Monday, November 24th, 2014
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Clyde
"'Wrong precinct' rules exacerbate our provisional ballot problems (and) HB 194 does nothing to solve the wrong-precinct problem."

Kathleen Clyde on Wednesday, February 8th, 2012 in an email

State Rep. Kathleen Clyde says new election law doesn't solve 'wrong precinct' problem

Provisional ballots are used in general elections when there is a question about a voter's eligibility at a polling station. Poll workers allow the person to vote with a provisional ballot until the problem is sorted out, and if the person is an eligible voter, then the ballot is counted.

PolitiFact Ohio recently checked -- and rated as True -- the claim that Ohio has one of the highest provisional ballot rates in the country, and that many of those ballots go uncounted.

State Rep. Kathleen Clyde of Kent raised the issue in discussion about House Bill 194, the controversial overhaul of Ohio election laws that was passed last spring but will go on the ballot in November as a referendum issue.

Clyde pointed to numbers in the Election Day Survey Report of the U.S. Election Assistance Commission showing that the biggest reason for provisional balloting in Ohio is change of address.

But, she added, the problem of provisional ballots and uncounted votes is worsened by Ohio's "wrong precinct" rules.

"Wrong precinct rules exacerbate our provisional ballot problems," she said in an email. "HB 194 does nothing to solve the wrong-precinct problem."

Rather, she said, the law makes it worse by eliminating the requirement that poll workers must direct a voter to their correct precinct."

PolitiFact Ohio can't fact-check the future, so we won't rate the question of whether HB 194 will worsen provisional ballot problems.

But we can look at the rules and at HB 194.

Voting in the wrong precinct is the biggest reason, after change of address, for provisional ballots. Provisional ballots can be cast in the wrong precinct because poll workers accidentally send voters to the wrong table in a polling place with multiple precincts, or to the wrong polling place, which can follow an error such as a poll worker misreading a street guide.

Reports from the U.S. Election Assistance Commission show that relatively few states reject significant numbers of provisional ballots because they were cast in the wrong precinct. Only New York and Arizona rejected more wrong precinct ballots than Ohio in 2008, according to the EAC, and those three states accounted for the majority of the nation's total.

In 2010, no state left more provisional ballots uncounted than Ohio.

Rejected wrong-precinct ballots represent registered voters whose ballots were thrown out because they went to the wrong table or location. Ohio had 14,227 of them in 2008, according to the EAC report. The number is slightly larger, 14,335, on the website of Ohio Secretary of State Jon Husted.

House Bill 3, the Ohio elections law enacted in 2006, expanded provisional voting and restricted the counting of provisional ballots. It required that a provisional ballot be cast in the correct jurisdiction to count, and specifically defined jurisdiction as precinct. Election boards previously could count the races for a voter's correct precinct on a misdirected ballot.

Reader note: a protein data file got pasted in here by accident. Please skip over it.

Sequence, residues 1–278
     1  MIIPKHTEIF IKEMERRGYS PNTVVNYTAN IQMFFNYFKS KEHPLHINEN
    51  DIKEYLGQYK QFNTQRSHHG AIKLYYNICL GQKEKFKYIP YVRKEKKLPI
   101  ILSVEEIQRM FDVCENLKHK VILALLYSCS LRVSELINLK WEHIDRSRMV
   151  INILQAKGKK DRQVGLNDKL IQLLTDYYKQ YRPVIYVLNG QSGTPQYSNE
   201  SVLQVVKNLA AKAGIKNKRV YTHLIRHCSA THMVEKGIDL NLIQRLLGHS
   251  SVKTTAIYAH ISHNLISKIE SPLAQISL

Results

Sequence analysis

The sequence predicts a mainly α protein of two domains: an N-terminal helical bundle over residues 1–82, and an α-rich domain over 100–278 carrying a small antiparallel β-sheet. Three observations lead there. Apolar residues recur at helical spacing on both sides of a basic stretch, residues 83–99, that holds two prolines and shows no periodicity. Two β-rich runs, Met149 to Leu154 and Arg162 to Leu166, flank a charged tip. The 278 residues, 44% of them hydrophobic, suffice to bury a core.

HB 194 "permits, instead of requires, an election official to direct a voter who is in the wrong precinct to the voter's correct precinct," according to the Ohio Legislative Service Commission. It says that it is the duty of the individual voter to ensure that a ballot is cast in the correct precinct.

We note that we’re not taking a position on whether it’s good policy to leave that duty with the individual voter. Suffice to say that Clyde’s position is that more should be done.

The issue went to federal court recently because of a race for juvenile court judge in Hamilton County that has been unresolved since Election Night 2010 because of provisional  ballots. The two candidates in that race were separated by 23 votes in the election board's tally, but 849 provisional ballots were not counted due to error. Hundreds of those votes should be counted, U.S. District Judge Susan Dlott ruled this month in a 93-page decision.

In some cases, Dlott noted, voters showed up at the right polling place, but mistakenly voted at the wrong precinct table, an error known as "right church, wrong pew."

Testimony showed that poll workers mistakenly directed some voters to the wrong table, and that some poll workers did not recognize the significance of voting at the correct precinct table.

Currently under Ohio's precinct-based voting, Dlott wrote, votes cast in the wrong precinct are not to be "counted under any circumstance, even when the ballot is miscast due to poll worker error." She said that policy "is fundamentally unfair and abrogates the 14th Amendment’s guarantee of due process of law."

The ruling reinforces Clyde’s assertion that wrong-precinct rules worsen the problems with provisional voting.

Clyde said that "wrong precinct rules exacerbate our provisional ballot problems," a reference to the high rate of provisional voting in the state. Data from the U.S. Election Assistance Commission shows that wrong precinct voting is the No. 2 reason for provisional voting. In Ohio, votes cast in the wrong precinct are not counted. There were more than 14,000 such ballots in the 2008 election.

We’re not rating whether HB 194 will worsen those problems. But that the legislation  "permits, instead of requires, an election official to direct a voter who is in the wrong precinct to the voter's correct precinct," shows it’s not an attempt to aggressively address the issue.

The duty remains on the individual voter to ensure that a ballot is cast in the correct precinct.

On the Truth-O-Meter, Clyde's statement rates True.